Chesterton Tribune



CHS Debate team is state runnerup

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Chesterton Debate came within a half of a point of extending its state championship streak to six consecutive titles; instead Chesterton settled for a second-place finish. West Lafayette, Chesterton’s primary rival, took home their third title in the last sixteen years, based upon an exceptional performance in Lincoln-Douglas and World School debate.

Chesterton took home one individual title out of the five events. Junior Ben Hoham and his sophomore sister Hattie Hoham defeated a team from Penn High School by a 5-0 decision to win the state championship in policy debate. This is the second consecutive title for Ben Hoham in this event after he partnered with Matt Jewison to win the previous title. “To our knowledge, this is the first sibling combination to ever win a title in Indiana debate,” said coach Chris Lowery.

Ethan Dibble and Ryan Donovan, both sophomores, came in third place, after being defeated by the same team from Penn in the semifinal round. Until that point, Dibble and Donovan were the number one seed and had amassed a perfect 9-0 record with the judges. JD Cory and Devin Michael, two seniors, finished their career as quarterfinalists, or top eight in the state. The policy topic for this year was reducing restrictions on immigration to the United States. The Hohams argued a case all year that would reduce restrictions upon victims of human trafficking to the US; they represented that case on the affirmative side in the final round. Madi Simms and Gianna Galante narrowly missed the elimination portion of the tournament.

CHS ‘broke’ all four of its Public Forum entries into the elimination portion of the tournament. With the event beginning at 45 entries, that alone was quite the accomplishment. This was the only instance of a school advancing four entries into an elimination event. The following teams made it to quarterfinals (top 8) before being knocked out: Grace Whah and Emily Krygoske, Kardiay Kirk and Rhianna Ritz, Azeez Lakhani and Sofia Winski. Nick Hanson and Luke Vetrotsky finished as octafinalists (top 16). Lakhani and Kirk graduate in the spring, while Whah, Kryoske, Ritz, Winski, and Hanson are all juniors and Vetrotsky is a sophomore. The teams debated whether the U.S. should prioritize reducing national debt or promoting economic growth. The final round was won by a team from Munster HS who defeated Hamilton Southeastern in the final.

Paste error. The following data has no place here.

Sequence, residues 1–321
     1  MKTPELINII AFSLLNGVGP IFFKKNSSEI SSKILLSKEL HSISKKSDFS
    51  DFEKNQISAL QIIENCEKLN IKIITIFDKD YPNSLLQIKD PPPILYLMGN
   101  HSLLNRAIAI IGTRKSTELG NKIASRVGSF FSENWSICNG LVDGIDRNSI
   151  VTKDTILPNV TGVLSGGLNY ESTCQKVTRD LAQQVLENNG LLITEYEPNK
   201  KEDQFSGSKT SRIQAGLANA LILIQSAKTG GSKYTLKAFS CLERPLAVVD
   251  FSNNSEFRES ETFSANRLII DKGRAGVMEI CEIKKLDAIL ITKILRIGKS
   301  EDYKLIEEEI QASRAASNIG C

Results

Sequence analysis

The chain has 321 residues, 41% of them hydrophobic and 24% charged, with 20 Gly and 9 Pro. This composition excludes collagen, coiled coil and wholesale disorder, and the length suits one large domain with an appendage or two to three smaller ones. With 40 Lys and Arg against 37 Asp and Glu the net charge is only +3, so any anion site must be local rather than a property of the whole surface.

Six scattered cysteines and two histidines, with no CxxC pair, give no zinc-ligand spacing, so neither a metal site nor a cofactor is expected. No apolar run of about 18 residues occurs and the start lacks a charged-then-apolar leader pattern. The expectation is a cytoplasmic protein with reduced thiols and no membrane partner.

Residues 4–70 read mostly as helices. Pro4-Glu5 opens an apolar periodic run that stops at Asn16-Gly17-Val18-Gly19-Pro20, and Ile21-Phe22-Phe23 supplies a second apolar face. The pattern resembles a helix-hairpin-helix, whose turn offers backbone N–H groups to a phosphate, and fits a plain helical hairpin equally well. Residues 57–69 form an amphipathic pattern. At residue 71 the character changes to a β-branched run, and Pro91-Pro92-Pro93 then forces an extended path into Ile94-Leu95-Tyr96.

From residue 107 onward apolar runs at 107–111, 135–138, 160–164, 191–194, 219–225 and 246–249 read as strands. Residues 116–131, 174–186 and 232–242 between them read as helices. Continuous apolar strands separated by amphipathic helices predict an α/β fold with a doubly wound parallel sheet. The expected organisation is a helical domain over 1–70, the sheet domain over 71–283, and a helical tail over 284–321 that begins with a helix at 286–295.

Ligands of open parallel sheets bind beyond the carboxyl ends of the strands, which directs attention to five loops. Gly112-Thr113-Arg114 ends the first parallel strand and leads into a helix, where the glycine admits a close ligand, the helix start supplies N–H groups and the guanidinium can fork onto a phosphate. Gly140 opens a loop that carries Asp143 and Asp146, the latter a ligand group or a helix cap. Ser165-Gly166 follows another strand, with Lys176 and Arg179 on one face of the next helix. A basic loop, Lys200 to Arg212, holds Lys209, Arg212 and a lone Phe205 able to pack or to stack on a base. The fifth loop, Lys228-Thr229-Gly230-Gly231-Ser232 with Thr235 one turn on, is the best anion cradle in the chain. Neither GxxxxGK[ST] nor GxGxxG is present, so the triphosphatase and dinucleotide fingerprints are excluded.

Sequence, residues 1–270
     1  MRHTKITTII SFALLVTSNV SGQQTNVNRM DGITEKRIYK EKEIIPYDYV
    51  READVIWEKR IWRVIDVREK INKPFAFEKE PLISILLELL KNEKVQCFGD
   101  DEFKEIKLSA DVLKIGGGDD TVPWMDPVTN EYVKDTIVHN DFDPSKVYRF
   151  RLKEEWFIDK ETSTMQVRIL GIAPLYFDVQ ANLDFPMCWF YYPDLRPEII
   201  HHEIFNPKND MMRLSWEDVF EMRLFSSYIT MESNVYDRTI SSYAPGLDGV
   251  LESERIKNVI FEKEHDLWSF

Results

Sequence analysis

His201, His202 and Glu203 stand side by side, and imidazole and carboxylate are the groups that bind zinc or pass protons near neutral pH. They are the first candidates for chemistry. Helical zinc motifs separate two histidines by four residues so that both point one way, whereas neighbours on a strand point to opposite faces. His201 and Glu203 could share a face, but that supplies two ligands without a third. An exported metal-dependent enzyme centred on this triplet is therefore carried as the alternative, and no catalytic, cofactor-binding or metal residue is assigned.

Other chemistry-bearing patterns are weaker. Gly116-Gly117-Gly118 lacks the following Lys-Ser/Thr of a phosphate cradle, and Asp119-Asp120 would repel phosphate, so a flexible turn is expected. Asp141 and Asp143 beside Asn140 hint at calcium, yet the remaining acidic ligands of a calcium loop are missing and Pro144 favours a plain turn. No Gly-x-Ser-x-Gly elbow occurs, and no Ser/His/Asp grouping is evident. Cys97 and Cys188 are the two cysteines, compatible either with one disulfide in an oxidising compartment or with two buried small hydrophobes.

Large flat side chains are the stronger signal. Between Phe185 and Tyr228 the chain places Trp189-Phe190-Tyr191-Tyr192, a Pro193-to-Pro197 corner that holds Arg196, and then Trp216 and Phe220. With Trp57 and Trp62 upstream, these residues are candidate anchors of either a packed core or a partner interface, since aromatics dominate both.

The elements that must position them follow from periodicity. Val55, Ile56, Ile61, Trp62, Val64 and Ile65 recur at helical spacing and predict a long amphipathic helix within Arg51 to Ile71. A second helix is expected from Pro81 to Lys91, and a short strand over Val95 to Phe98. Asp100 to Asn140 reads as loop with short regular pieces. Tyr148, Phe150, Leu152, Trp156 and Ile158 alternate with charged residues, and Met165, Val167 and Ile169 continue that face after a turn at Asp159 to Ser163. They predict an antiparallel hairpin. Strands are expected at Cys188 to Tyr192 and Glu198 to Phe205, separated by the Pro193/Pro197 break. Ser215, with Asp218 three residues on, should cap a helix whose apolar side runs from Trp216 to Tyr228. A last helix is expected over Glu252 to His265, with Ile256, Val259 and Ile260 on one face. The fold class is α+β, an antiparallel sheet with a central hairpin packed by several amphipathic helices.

Sid Augustyn, a junior, came in fourth overall in Congressional debate; this was with a field that started with 67 contestants. The event was won by a competitor from Fisher’s high school. Augustyn was the only Chesterton student that advanced to the final round. Mark Jewison, Finn Babjak, and Rebecca Mueller all survived the preliminary chambers but were unable to advance past the semifinal round.

Chesterton advanced both of its World School debate teams to the elimination rounds, but was subsequently eliminated in Quarterfinals (top 8). The first team was comprised of Elia Livovich, Kylie Brickley, Nathan Osborn, and Ian Quinn. The second team was made up of Branden Wong, Owen Cowsert, Tim Wheeler, Shae Hisaw, and Milena Veltri. World School is unique in its ability to switch out competitors each and every round depending upon the topic that is selected. Fisher’s high school won its third consecutive title in this event after defeating West Lafayette in the final round.

CHS’s Lincoln-Douglas team missed out on the elimination rounds after splitting most of their preliminary rounds. L-D had the most competitive entry field, with 55 contestants vying for the cutdown to the top 16 for Octas. West Lafayette closed out the final round in this event. CHS competitors in this event were Elli Didonna, Zachary Mullins, Jonathan Sumita, and Bella Auricchio.

Chesterton’s debate team is coached jointly by Chris Lowery and Joshua Coots, both Social Studies teachers at CHS. Dakota McCoy, an English teacher and Speech team coach, served as the coach for the World School entries. Alumni and parents Heather Augustyn, James Vincent, Hunter Warren, Eric Richardson, Quinlan Doolin, Katelyn Balakir, Hayden Hodge, Connor Wantuch, Nathan Burris, Aaron Drew, and Andrea Drygas served as judges and mentors to the current team.

CHS has won 26 state team titles. CHS has not finished lower than second place since 1997, when it finished in fifth place.



Posted 1/28/2019




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